Lowrider bikes really are a thing of beauty. Each bike is custom-designed and/or adorned, and therefore are frequently designed for competition in shows. Common options that come with a minimal driver bike incorporate a lengthy, curved, blueberry chair, sissy bar, and apehanger handle bars. Characteristic touches incorporated "baby daytons", a heavily-chromed, densely-spoked radial bike wheel initially created for dragster cars, whitened wall tires, and springer forks. We take that same custom styling and apply it to skateboards and baby strollers!...the possibilities are endless!
Through the late 50's the car had changed the bicycle because the standard type of transportation. To retain bicycle sales, manufactures wishing to capture the imagination of teenagers who wished for motorized automobiles, started to promote "cruiser bikes"... bikes that featured motorcycle style tanks, large chrome car headlights, electric horns, and "balloon tires" (body fat 2.125" inflatable tires that appeared as if a little version from the modern automobile tire.)The popularity to emulate automobile and motorcycle design was taken one step further, when Al Fritz, a youthful designer for that Schwinn Bicycle Company, required notice of the west coast trend... in Southern California 'Custom King' George Barris started to personalize automobiles using highly polished chrome, and flamboyant add-ons. Kids trying to emulate the personalized drag racing cars started to trick out their bikes, by retrofitting used crusier bikes with custom parts which had dragster like touches.In 1963, Schwinn introduced the "Sting-Ray" bicycle, full of created, easy to customize bike that featured dragster- like touches like the "ape hanger" handlebar, along with a low driver "banana chair". The "Sting-ray" bicycle grew to become typically the most popular type of bike for children throughout the 1960's and early 1970's. Probably the most famous type of Sting-Ray was the "Krate"- probably the most fooled out "Sting-Ray" ever to become created noted for it's hotrod colors, relatively small 16" front wheel, body fat rear tire, rear shock, springer front-end and it is infamous stick- change.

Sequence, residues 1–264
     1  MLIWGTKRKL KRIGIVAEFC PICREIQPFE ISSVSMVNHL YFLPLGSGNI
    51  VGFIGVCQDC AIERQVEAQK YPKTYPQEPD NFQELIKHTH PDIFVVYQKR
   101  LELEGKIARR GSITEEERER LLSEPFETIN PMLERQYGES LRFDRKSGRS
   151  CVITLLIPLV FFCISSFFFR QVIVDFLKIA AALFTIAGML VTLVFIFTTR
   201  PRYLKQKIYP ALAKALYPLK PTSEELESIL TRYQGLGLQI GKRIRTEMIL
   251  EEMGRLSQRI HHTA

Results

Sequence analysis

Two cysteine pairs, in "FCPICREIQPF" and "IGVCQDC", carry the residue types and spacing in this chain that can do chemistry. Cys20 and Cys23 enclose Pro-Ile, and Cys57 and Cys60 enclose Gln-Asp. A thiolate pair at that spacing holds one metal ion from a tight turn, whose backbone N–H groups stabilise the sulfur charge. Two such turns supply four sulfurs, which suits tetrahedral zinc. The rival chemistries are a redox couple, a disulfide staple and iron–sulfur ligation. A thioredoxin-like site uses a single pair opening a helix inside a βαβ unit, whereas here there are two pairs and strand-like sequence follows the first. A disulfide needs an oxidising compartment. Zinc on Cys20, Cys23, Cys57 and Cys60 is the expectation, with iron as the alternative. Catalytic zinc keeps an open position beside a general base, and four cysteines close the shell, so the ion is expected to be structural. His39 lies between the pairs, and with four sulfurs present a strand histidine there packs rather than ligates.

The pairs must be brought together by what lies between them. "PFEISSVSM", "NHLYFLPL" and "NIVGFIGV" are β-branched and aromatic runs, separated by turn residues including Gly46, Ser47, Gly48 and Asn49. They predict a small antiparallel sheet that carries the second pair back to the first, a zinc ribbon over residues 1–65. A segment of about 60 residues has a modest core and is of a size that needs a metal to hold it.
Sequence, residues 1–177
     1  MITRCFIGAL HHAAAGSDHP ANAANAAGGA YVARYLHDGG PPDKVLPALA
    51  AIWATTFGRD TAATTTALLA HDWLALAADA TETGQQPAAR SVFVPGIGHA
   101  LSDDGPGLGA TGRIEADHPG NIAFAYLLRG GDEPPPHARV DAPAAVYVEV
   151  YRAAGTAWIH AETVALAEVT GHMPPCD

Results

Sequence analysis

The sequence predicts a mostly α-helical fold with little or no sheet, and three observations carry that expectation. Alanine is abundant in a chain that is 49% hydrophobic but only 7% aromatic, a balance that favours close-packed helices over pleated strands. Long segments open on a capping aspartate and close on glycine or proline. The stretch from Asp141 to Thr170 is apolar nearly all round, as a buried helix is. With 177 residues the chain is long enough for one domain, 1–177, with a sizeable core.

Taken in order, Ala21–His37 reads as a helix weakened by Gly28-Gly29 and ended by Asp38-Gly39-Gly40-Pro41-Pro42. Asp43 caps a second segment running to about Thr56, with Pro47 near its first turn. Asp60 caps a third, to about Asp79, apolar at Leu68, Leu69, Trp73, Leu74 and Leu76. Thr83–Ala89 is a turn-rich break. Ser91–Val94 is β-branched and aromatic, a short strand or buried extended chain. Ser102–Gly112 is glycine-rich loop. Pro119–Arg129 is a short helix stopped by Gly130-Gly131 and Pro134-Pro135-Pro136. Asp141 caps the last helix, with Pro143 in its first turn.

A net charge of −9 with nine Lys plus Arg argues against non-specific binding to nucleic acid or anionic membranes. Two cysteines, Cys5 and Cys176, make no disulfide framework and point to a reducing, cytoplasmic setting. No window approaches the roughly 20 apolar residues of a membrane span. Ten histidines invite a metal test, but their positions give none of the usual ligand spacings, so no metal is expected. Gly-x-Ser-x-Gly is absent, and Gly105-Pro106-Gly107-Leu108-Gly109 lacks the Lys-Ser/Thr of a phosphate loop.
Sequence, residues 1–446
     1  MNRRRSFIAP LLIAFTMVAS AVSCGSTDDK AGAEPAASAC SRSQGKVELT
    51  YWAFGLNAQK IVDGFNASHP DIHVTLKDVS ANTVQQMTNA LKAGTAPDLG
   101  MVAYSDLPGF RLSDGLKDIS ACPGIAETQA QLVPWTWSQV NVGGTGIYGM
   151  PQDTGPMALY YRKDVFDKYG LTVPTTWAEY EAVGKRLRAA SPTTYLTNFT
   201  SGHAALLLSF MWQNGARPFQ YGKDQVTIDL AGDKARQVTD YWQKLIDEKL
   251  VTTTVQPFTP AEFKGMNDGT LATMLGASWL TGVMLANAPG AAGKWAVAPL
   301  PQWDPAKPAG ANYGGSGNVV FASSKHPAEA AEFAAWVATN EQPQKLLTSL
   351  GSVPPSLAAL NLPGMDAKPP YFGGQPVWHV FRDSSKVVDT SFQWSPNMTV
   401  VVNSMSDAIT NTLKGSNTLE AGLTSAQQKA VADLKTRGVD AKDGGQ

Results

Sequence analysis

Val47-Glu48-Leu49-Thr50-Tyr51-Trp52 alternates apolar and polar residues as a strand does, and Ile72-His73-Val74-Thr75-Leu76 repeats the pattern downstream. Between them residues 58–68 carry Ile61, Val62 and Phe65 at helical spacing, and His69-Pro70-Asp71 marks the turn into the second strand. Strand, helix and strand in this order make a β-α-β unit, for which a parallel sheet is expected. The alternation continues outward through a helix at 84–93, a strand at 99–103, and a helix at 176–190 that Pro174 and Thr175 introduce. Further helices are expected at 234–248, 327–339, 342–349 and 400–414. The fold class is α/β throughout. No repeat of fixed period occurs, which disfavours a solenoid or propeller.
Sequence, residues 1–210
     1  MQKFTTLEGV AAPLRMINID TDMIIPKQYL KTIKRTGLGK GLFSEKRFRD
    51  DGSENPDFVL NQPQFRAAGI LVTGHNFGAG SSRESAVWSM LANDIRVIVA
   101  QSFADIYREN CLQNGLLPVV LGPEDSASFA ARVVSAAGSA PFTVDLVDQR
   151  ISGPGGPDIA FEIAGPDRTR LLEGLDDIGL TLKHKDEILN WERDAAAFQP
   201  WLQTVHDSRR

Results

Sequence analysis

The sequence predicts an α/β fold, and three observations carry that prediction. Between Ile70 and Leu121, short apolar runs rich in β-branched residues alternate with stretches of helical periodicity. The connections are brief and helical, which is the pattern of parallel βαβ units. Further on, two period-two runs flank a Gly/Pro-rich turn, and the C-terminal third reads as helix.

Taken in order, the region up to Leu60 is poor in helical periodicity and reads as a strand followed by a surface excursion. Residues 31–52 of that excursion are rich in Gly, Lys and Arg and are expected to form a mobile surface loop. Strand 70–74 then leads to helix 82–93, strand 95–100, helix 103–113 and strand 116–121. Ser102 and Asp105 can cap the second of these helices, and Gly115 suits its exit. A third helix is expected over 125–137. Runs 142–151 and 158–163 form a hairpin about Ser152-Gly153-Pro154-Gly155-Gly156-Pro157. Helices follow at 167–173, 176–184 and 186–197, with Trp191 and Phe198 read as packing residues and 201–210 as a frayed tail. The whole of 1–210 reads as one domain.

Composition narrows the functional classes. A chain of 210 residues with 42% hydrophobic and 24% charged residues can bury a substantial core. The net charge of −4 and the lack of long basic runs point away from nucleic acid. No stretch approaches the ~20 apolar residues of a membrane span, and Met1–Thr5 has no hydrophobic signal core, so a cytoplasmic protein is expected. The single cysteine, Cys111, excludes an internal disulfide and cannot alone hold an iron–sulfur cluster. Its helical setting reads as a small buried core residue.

In Southern California Mexican immigrants were showing their own style and creativeness by customizing their very own type of "dragster". Not able to afford the fee for designing a hot rods engine to ensure that the vehicle might be employed for drag racing, they developed their very own "slow and low" ride by cutting the cars suspension. When it grew to become illegal to possess a vehicle which was so low down, they added hydraulics towards the vehicle to ensure that it may be elevated once the police drove by, and lowered after. Trying to emulate lowrider automobiles, Chicano children started to personalize old cruiser bicycles into "Lowrider Bicycles". Such as the cars, Lowrider Bicycles were considered pieces of art... an easy method of indicating, not just a person's capability to handle something, but to produce a metal beauty which was a representation of a person's pride and individualism. The effort of lowrider contractors was designed to inspire others to complete their finest. To place their time and effort into something beautiful. These bikes may cost 1000's of dollars to construct, and 100s of dollars to show at shows and competitions.
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